Your weekly money scoop: November 18, 2016

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Your weekly money scoop: November 18, 2016


We're serving you our weekly bite-sized roundup of the stories you need to know. This week, learn how to save money on holiday spending and read about how one bank in India is sending an ATM bus into cities and rural communities.

Plan ahead to carve the cost of Thanksgiving dinner. According to the American Farm Bureau, families spent an average of $50.11 on Thanksgiving dinner last year. But by planning ahead and being savvy, you don't have to spend that much. You can collect coupons, check local grocery store deals and buy produce that's on sale. Some stores even throw the bird in for free if you spend a certain amount.

When the ATM comes to you... In an effort to crack down on black-market spending, Indian Prime Minister Narendra Modi discontinued the two largest rupee denominations, the 500 and 1,000 notes. Many citizens have had to wait in excruciatingly long lines to exchange their big notes for smaller ones at their local ATMs, only to find that the machines have run out of bills. To appease frustrated bank customers, Canara Bank sent out an ATM bus to reach rural areas that need working ATMs the most.

Are college degrees still a good investment? While a four-year undergraduate degree could cost you at least $30,000 at a public college, or even $100,000 at a private college, graduates tend to earn more per week than workers with just a high-school diploma -- $459 more according to the Bureau of Labor Statistics in 2015. It's better news if you have a math and science degree: You may earn even more.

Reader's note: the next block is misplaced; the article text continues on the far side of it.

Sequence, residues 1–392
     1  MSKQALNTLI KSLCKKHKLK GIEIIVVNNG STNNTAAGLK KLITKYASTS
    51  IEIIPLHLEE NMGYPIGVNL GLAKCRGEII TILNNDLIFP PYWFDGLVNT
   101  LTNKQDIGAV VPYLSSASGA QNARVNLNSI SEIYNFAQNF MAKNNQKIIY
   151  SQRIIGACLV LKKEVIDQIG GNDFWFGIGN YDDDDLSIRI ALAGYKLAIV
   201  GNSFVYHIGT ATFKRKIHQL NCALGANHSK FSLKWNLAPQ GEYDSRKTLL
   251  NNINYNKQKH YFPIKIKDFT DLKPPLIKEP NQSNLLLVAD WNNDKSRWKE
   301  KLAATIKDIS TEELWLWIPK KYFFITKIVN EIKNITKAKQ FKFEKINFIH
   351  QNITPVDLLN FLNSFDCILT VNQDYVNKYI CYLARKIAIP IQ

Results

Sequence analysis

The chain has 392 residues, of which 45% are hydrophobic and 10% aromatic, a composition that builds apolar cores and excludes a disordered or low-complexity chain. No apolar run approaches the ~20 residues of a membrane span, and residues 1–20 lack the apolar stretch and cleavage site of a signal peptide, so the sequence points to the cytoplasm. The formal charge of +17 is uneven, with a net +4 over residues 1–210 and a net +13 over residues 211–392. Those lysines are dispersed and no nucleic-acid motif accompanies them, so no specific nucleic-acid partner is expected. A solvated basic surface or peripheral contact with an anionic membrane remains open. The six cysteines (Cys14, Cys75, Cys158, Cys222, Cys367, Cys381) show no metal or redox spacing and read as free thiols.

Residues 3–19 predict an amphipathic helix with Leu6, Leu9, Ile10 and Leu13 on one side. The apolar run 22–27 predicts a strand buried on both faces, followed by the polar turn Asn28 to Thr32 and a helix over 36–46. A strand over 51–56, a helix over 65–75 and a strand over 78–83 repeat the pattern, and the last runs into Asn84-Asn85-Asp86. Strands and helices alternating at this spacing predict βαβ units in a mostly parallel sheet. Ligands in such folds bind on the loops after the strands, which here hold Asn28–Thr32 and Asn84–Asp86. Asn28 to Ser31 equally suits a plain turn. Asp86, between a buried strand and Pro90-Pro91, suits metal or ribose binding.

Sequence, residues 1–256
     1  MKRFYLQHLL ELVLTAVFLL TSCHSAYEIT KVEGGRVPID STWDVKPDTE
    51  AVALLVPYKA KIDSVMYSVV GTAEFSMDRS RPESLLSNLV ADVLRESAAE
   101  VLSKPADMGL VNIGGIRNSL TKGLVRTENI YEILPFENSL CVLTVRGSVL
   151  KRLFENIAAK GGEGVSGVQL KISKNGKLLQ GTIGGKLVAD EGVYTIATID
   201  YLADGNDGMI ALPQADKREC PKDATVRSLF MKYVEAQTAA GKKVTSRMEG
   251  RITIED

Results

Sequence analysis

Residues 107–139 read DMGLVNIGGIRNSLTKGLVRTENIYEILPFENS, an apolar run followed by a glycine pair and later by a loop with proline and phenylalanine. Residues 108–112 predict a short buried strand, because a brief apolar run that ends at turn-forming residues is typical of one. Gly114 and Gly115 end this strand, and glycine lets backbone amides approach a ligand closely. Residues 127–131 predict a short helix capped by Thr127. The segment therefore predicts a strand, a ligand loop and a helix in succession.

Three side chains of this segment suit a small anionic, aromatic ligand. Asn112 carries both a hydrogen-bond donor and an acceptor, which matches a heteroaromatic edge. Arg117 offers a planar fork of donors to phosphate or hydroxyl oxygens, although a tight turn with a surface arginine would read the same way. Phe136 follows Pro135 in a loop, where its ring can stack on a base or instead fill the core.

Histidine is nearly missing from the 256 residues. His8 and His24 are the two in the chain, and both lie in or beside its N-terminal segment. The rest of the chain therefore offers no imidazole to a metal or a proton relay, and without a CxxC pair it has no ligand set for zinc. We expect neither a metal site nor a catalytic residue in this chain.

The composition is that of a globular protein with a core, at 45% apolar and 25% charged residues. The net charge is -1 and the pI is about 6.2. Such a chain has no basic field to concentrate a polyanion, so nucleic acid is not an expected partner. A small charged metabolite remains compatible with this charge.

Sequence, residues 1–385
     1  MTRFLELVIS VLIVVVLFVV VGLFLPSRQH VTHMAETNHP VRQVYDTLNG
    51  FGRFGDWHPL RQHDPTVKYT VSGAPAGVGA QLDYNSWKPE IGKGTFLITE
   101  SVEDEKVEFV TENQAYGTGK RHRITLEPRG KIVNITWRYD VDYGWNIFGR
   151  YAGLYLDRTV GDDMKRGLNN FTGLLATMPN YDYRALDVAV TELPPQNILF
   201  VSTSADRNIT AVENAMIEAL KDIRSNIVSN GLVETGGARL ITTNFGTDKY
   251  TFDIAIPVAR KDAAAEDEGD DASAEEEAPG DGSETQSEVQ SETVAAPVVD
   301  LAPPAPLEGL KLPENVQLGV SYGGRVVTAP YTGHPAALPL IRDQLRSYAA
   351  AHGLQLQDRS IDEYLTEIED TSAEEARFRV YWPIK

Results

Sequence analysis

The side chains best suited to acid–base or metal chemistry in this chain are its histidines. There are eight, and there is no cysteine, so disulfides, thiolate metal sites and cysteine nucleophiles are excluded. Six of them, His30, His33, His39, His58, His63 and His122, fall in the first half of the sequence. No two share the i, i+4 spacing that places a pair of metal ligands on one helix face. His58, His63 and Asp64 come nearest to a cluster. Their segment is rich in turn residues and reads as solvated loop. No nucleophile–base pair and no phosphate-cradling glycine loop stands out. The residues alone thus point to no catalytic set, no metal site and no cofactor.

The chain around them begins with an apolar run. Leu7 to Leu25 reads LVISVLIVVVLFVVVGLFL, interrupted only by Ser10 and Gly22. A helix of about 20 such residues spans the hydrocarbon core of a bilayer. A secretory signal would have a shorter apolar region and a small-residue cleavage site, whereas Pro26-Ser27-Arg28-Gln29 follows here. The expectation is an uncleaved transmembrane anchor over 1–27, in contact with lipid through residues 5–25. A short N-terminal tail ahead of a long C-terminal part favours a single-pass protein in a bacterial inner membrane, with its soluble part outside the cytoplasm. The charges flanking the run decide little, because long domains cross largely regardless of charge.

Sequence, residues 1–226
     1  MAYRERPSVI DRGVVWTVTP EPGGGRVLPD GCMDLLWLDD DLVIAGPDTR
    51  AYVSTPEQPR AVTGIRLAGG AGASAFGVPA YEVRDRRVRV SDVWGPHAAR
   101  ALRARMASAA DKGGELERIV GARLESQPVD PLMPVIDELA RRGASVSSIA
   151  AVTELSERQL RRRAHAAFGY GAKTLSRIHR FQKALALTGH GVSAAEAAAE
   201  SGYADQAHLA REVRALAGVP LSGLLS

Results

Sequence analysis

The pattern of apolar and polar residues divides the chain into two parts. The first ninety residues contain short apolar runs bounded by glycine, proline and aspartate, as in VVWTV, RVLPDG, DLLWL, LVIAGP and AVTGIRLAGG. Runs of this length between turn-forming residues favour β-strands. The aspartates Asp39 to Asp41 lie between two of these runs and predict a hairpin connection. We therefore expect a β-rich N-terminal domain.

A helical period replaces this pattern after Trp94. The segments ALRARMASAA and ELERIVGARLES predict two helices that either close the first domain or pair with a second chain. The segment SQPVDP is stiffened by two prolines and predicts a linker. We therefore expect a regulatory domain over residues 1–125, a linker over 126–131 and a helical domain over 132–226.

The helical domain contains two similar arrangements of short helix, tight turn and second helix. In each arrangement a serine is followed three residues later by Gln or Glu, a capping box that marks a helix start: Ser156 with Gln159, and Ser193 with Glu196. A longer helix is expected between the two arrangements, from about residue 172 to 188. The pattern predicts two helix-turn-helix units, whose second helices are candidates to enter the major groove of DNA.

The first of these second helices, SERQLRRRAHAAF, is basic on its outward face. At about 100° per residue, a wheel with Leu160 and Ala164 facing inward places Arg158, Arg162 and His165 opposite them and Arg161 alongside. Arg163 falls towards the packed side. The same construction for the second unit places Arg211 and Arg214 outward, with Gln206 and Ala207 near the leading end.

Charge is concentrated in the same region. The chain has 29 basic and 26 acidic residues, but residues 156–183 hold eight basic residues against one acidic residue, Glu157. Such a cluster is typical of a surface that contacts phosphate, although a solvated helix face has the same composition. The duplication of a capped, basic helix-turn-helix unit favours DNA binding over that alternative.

10 ways to save on holiday spending. According to Society of Grownups, games such as Secret Santa and White Elephant offer a fun way to buy just one present for one person -- potentially saving you lots of money. And they recommend making your own gifts as a cheaper and more personal way to spread holiday cheer. Or why not shop all year round? Just make sure not to ruin the surprise while you collect gifts in the off-season.

Need help making sense of your money? Our partner Earnest says it might be time to seek help from a financial planner if you are juggling multiple debts, navigating job benefits or having trouble managing your credit score, among many other life situations. Although they'll typically charge a fee or expect an hourly pay, Earnest notes, a certified professional can help explain the fine print, and even find you ways to save and plan for your future.

And that's the scoop this week -- see you next week for more.

About the Author: Jennifer Williams is a QA Specialist in Member Support at Credit Karma. She has her MFA in Fiction, and puts her skills to use helping members and training new hires. When she's off the clock, she can be found editing her novel, playing guitar, or hiking with her dog in the hills.

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